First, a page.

Our views towards Macau gaming also turned more constructive on hopes that the city could see an increase in travelers and more casino visitors after China eased its mobility restrictions. Casino licenses have been granted, removing a long-awaited market overhang. As for Hong Kong government bonds, we are still fond of them for their resilient fundamentals and attractive yields.
China's easing of its pandemic requirements also contributed to our positive views towards Chinese and Asian equities, especially in developers and internet stocks. We also look set to increase exposure in internet hardware, pinning hopes that the sector will see some meaningful recovery in the second half of 2023. Favourable policies will also boost the appeal of Asian equities, including consumer staples, technology communications and healthcare.
Insatiable demand boosts appeal for Indonesian, Indian and Australian energy equities and bonds
Geopolitical tensions sent commodities prices higher, bringing challenges to decarbonization targets and fueling inflationary pressure. But these set the stage for rosier prospects for Asian equities and bonds. China unwound its pandemic policies also buoyed the prospects of greater demand for commodities.
Indonesia, a major energy and commodities exporter of palm oil, coal, gas and copper ore, has been on a stronger footing as its global peers are struggling with a plethora of economic challenges. Steep commodities prices supported the economy and exports, raising expectations for a current account surplus. Russia-Ukraine conflict continued to disrupt energy supplies, sending LNG prices higher that help energy producers to generate substantial windfall profits and cashflow. Thanks to relatively lower US treasury yield, and the country's resilient fundamentals, we believe Indonesia's investment-grade state-owned energy bonds should fare well.
Another area that we favour is India's renewable high yield space, which is a sizeable sector with a defensive nature. Being the world's third-largest consumer of electricity and renewable producer, by 2030, India aimed to cut total projected carbon emission by 1 billion tonnes, reduce the carbon intensity of the nation’s economy by less than 45%, and expand its renewable energy installed capacity to 500 GW. Low-carbon technologies could create a market worth up to $80 billion in India by 2030, according to market estimates. Favourable government policies will be needed to support companies in the renewable sectors to finance these projects. We believe the fundamentals will be strengthened and stayed attractive as a result.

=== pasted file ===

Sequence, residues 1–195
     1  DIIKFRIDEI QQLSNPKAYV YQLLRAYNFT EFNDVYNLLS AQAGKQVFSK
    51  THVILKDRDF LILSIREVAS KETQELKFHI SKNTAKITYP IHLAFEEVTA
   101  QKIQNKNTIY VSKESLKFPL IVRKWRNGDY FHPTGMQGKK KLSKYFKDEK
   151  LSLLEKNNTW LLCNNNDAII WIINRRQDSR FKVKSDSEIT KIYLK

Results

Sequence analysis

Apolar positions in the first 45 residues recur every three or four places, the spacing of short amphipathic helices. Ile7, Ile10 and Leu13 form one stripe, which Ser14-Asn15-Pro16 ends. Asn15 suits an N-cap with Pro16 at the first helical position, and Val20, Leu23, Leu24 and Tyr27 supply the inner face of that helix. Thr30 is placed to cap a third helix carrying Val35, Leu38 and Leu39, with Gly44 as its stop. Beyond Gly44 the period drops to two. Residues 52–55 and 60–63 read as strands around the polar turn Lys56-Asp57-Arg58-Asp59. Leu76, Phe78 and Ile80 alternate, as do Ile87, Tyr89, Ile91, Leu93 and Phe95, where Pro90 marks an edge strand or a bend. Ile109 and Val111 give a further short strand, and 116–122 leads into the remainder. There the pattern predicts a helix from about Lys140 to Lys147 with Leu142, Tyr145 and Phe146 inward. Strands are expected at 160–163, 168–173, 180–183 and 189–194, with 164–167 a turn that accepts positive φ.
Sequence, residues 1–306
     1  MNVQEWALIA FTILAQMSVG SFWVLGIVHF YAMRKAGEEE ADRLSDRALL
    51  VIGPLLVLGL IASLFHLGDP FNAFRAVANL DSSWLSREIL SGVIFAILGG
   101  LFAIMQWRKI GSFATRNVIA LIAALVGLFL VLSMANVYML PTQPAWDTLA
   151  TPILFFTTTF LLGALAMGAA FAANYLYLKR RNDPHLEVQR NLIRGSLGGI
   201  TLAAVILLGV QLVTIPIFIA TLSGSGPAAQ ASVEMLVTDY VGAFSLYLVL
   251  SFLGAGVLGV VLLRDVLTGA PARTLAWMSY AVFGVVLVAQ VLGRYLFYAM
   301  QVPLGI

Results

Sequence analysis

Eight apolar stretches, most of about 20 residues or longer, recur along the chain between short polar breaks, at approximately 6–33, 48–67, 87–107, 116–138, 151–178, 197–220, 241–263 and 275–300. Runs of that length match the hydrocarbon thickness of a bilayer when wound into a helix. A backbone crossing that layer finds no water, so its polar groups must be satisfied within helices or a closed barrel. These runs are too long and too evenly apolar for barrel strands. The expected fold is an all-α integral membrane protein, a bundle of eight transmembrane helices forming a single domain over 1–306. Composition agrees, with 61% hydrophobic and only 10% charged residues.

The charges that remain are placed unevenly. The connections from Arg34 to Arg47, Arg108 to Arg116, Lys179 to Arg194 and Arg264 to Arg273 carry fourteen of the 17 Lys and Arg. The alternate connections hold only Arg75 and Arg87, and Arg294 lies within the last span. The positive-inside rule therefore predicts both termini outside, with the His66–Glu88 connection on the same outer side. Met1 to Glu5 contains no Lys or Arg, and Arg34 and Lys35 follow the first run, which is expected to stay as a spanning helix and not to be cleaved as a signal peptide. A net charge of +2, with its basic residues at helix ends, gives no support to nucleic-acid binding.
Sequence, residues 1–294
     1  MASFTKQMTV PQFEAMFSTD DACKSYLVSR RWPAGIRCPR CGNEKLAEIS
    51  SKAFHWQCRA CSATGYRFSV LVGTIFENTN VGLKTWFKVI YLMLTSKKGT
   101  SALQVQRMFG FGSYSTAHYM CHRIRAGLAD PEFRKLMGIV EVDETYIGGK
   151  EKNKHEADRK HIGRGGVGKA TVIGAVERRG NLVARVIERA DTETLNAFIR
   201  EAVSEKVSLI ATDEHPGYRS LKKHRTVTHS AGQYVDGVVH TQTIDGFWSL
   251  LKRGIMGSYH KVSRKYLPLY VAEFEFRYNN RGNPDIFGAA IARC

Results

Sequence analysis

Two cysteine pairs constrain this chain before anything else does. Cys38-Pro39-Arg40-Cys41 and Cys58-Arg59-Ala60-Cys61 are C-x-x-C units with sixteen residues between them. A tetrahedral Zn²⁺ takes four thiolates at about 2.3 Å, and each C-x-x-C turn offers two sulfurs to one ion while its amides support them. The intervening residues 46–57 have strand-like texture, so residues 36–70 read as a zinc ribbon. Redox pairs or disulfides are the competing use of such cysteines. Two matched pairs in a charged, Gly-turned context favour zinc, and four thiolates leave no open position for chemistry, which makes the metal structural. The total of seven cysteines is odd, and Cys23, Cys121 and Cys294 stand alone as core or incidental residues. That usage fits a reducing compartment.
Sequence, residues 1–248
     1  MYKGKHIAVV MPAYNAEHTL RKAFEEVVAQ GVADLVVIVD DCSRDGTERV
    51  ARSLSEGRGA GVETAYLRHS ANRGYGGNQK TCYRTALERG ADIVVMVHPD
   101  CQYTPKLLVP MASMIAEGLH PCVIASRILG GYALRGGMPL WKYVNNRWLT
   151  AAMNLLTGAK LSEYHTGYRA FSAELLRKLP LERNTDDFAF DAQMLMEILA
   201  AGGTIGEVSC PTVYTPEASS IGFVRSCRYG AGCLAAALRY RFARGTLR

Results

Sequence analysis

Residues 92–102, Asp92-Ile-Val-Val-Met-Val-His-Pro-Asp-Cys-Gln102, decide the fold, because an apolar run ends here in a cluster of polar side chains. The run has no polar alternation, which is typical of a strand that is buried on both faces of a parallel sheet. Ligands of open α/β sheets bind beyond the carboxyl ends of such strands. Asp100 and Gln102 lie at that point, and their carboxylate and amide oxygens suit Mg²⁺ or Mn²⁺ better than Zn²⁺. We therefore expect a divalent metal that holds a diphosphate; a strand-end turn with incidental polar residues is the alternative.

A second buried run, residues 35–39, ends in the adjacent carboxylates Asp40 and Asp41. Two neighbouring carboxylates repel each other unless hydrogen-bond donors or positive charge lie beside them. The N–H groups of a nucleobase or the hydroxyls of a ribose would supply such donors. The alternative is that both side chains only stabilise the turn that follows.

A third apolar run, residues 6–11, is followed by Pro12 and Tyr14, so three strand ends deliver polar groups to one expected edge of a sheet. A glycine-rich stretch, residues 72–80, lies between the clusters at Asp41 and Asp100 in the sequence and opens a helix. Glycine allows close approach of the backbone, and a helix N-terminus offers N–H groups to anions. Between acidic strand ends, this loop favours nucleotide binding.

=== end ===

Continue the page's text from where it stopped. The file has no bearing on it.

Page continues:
The production of green technologies require the use of critical minerals, which will spur economic growth of industrialized nations such as Australia, which is home to many minerals critical for the electrification of transportation and other green applications. Inventories of metals, such as aluminum, copper, nickel and zinc, have declined to supportive levels even though temporary weakness of the Chinese economy is impacting demand. Our investment teams expect the appeal with industrialised countries will increase as the transition to green energy drives demand for various industrial metals, which are in short supply.
Australia, a key LNG exporter alongside Qatar and the US, posted in October a record revenue of US$7 billion from the export of LNG. Apart from Asian countries, Germany has recently joined the importer list of Australian LNG, as part of a bid to solve the issue of energy shortage. These factors support our investment thesis towards Australian energy stocks.
2023 would be another challenging year. Are rate hikes and balance sheet reduction effective tools in taming inflation? How hard a blow will monetary tightening take on global economies? These are questions that are yet to be answered. But a global downturn cushioned by China's reopening optimism, coupled with a softening greenback should brighten the outlook for Asian bonds and equities.